This week, we go back to Roman times to mine for a very toxic compound. Here's Simon Cotton:
Readers of the historical parody '1066 and all that' will know that the ancient Romans were Top Nation, on account of their classical education. Some of their science was accurate too; they knew just how toxic mercury was. Mercury and some of its compounds have been known for over 2000 years; the Romans mined cinnabar, mercury sulfide, at Almaden in Spain. They sent criminals to work the mercury mines, and this was regarded as a death sentence.
The Romans used cinnabar as an orange-red pigment, but also roasted the cinnabar to get mercury metal. Whether you inhale cinnabar dust or mercury vapour, the result is the same: mercury poisoning. In the ancient world, mercury was used to make the amalgam with gold or silver that was used to silver mirrors and to gild glass or illuminated letters in manuscripts. After the amalgam was applied, the mercury was simply allowed to evaporate. Mercury compounds were used in medicine, to treat syphilis (ineffectively) and the metal was used in thermometers and barometers.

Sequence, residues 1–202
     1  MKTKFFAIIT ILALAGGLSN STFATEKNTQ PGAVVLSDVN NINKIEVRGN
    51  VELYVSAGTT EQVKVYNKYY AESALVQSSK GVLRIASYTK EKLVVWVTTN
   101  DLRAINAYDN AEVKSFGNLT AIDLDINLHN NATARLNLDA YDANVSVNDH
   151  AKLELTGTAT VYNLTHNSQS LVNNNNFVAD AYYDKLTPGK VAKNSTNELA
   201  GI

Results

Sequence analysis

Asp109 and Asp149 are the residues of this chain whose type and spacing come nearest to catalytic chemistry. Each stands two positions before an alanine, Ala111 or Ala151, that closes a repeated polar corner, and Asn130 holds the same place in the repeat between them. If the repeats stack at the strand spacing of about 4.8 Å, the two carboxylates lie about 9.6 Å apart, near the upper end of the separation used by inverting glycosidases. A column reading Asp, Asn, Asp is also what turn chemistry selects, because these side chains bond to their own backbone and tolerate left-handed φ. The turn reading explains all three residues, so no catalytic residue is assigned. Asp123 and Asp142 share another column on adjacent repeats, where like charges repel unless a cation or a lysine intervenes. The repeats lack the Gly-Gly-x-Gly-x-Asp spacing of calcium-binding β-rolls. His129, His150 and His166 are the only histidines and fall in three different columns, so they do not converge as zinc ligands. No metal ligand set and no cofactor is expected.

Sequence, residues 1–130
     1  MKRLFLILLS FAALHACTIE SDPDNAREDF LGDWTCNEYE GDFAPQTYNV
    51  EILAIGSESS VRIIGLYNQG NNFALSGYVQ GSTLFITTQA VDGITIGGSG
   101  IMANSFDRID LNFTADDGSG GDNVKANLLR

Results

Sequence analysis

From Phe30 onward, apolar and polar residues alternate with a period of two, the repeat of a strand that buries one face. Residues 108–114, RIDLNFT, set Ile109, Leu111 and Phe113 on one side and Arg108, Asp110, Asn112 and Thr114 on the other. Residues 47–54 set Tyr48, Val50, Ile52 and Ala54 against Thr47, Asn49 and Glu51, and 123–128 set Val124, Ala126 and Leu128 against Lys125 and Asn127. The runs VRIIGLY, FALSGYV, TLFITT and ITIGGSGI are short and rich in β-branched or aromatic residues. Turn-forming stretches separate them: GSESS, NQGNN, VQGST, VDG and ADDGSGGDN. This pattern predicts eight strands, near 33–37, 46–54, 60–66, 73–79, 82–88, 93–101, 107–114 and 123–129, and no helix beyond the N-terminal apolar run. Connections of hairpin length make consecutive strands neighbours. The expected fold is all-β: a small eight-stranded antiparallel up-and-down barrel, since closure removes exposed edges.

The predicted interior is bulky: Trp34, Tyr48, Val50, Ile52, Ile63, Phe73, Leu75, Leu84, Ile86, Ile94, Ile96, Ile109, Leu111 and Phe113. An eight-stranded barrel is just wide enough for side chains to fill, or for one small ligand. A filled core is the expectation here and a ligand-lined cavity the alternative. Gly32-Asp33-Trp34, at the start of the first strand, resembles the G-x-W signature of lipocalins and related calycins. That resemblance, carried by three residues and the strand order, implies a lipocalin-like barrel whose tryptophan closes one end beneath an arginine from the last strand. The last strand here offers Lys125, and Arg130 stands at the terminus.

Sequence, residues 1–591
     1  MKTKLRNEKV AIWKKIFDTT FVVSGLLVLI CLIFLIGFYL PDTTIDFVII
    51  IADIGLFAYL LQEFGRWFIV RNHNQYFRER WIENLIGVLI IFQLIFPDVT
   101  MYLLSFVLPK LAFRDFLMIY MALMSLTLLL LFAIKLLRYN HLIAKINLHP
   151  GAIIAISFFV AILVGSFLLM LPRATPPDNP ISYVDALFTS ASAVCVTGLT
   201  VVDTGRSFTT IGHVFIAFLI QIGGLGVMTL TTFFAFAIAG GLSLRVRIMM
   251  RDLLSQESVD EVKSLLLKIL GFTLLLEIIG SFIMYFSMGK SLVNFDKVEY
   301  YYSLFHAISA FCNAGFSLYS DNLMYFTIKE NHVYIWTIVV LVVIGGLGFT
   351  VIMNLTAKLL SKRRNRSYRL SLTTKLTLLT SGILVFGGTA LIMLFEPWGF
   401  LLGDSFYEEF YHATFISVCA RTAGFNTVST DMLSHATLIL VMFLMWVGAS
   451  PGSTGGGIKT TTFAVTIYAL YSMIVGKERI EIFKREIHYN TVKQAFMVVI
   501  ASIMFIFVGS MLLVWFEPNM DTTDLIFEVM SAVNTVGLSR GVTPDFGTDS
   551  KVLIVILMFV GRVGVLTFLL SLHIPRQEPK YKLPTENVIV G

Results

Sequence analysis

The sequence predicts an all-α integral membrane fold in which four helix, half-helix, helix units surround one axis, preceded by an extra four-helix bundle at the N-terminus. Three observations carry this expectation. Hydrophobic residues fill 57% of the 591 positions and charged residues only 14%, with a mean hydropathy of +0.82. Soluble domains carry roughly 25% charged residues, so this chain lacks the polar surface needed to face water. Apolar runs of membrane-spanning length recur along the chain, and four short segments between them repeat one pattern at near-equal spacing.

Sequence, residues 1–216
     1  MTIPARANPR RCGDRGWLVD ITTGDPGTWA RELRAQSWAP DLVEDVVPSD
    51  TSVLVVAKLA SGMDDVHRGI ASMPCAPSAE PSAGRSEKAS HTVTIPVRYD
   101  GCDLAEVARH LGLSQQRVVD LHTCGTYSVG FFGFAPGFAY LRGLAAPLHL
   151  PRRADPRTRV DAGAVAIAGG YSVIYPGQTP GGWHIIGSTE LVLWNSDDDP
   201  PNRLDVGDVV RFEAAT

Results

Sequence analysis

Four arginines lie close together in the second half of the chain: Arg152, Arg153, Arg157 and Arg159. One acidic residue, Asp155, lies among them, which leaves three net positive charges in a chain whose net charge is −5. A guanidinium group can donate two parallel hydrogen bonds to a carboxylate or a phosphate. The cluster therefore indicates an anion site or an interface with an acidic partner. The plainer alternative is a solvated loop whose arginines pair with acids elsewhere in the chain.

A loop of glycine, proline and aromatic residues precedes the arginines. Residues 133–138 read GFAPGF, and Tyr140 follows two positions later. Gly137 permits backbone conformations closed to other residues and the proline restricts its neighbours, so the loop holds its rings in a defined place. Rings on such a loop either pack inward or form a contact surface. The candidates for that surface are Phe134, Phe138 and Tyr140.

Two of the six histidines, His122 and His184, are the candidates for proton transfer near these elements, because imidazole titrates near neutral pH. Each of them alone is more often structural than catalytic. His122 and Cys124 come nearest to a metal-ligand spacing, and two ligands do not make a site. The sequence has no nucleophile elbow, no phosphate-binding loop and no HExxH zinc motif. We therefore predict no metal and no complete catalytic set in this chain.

Many scientists fell victim to mercury poisoning, including Sir Isaac Newton, Michael Faraday and Blaise Pascal. Alchemists were keen to turn mercury into gold; King Charles II of England was a keen chemist, and his sudden death in 1685 is attributed to his inhaling mercury in the course of his experiments.